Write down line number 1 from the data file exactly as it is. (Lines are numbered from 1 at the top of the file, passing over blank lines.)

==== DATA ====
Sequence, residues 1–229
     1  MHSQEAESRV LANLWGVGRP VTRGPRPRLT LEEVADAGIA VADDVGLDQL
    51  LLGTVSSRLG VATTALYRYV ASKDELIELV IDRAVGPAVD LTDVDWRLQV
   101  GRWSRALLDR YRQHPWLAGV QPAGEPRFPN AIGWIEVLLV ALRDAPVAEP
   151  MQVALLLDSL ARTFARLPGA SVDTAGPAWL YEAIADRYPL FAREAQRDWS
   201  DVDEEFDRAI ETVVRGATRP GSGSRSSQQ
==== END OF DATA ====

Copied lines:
Sequence, residues 1–229